Like drunken dads dancing at a wedding, many big companies have tried to get into the spirit of social media and got it awfully, embarrassingly, awkwardly wrong. Positive, well-considered social media campaigns can provide an incredible boon for a business – helping to humanise a brand and giving customers a platform to seek feedback. However, ill-conceived tweets and Facebook posts can cause significant damage to a brand’s image and irrepealably destroy the trust of the audience.
Here, we have a look at some of the business who got social media very, very wrong, so you can learn from their mistakes and be more keyboard cat (37 million YouTube views) than cat bin lady (death threats).
The fast food chain’s tireless promotion of their culinary offerings as fresh, ethically-sourced and farmer-friendly came to a head in 2012 when the company promoted the Twitter hashtag #mcdstories, imploring their audience to share their McDonald’s experiences. Naturally, thousands responded with negative stories, completely overshadowing the brand’s paid-for advertising on Twitter.
Lesson: Unless you’re 100% confident in your brand, don’t give your audience such an open soapbox.
It seems a long time since MSN Messenger was a relevant (and even important) part of the internet. Microsoft-owned MSN further demonstrated how out-of-touch they were when Robin Gibb of the Bee Gees passed away. Reporting the event on Facebook, MSN invited their audience to ‘like’ the news to pay their respects. Despite many clicking ‘like’, the brand received incredible levels of negative feedback for trying to capitalise on the death of a public figure to generate interest and the bad taste demonstrated.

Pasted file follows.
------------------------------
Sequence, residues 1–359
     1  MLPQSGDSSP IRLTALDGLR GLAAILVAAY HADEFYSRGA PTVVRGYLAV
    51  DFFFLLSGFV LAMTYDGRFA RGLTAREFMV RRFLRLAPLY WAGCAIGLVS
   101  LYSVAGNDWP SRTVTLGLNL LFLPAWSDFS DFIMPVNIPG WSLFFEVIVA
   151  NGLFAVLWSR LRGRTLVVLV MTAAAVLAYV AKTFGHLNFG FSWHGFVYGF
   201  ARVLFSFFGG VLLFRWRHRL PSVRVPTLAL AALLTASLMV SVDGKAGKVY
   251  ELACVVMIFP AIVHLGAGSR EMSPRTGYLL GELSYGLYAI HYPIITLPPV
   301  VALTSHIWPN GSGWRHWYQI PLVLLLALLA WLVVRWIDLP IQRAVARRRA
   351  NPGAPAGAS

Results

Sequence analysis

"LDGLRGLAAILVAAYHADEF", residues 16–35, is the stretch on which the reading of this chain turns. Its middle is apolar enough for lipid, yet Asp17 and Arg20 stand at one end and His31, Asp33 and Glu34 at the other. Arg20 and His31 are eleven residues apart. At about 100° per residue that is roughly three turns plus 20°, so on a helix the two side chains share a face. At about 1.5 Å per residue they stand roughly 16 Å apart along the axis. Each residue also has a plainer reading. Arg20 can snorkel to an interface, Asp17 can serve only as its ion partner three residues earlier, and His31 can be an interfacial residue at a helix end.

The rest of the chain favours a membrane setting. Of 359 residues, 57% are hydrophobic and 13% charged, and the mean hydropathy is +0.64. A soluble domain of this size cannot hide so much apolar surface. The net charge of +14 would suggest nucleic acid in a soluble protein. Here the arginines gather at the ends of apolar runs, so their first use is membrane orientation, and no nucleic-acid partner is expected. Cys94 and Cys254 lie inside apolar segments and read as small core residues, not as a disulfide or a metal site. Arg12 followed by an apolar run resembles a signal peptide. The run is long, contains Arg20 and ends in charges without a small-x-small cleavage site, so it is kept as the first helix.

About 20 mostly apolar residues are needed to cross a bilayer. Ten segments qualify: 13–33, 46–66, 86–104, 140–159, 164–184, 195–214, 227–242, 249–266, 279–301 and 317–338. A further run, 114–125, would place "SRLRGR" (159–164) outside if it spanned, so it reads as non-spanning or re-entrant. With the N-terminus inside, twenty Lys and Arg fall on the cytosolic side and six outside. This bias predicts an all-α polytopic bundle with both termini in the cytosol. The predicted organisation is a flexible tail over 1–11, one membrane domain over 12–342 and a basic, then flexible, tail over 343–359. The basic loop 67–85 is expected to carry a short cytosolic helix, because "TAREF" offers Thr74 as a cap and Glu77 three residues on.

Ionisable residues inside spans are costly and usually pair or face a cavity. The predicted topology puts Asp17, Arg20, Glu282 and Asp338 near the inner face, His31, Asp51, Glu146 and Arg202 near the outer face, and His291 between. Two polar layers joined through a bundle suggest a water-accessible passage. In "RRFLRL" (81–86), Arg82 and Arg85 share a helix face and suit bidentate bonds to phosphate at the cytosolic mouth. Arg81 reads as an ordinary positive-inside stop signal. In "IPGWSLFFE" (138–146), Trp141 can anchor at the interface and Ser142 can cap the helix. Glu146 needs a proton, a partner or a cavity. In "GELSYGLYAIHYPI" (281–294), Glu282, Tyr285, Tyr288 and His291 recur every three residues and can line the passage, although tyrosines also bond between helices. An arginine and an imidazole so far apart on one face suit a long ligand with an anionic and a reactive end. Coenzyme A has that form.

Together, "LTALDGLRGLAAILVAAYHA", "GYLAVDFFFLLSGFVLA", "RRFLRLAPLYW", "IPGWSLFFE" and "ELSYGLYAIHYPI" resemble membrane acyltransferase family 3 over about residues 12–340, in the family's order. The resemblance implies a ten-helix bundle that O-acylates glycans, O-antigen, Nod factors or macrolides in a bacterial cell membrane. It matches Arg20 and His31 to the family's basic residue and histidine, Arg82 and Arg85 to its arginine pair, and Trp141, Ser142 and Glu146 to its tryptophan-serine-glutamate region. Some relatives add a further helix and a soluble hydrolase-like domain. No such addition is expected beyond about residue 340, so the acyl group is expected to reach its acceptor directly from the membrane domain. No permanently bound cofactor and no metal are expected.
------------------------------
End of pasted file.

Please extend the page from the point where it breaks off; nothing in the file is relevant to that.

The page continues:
Lesson: Don’t use personal tragedies to generate social media activity.
The social media team of the gentleman’s club’s Melbourne location dropped a giant clanger last year. The team uploaded a picture of one of their dancers on Facebook, when she was a baby. Unfortunately the fact-checkers overlooked the fact the picture was date and time stamped, showing that the picture was taken in 1998, meaning the lapdancer in question was only 15 years old.
Lesson: Don’t publicise any illegal activities carried out by your brand. Or don’t do anything illegal. Ever.
London Luton Airport
The security in airports has increased significantly over the past couple of decades, and perhaps that level of care should be carried out amongst the social media team of London Luton Airport. Following heavy snows, London Luton Airport bragged of their logistical abilities by posting a picture of a plane which crashed in snowy conditions alongside the caption: “Because we are such a super airport… this is what we prevent you from when it snows… Weeeee”
Sadly, the image provided was of a plane crash which killed a child.
Lesson: Always double check the backstory of images.
Tesco has achieved significant success and received plenty of plaudits for their social media activity. However, they made a huge social media blunder during the horse meat scandal, nonchalantly stating they were heading off to ‘hit they hay’.
Lesson: Be wary of double-entendres and never make light of negative situations.
For more advice how to utilise social media effectively, give the Banc Media team a ring on 0845 459 0558.
Images sourced via Flickr Creative Commons. Credit: Mike V, WSWCSM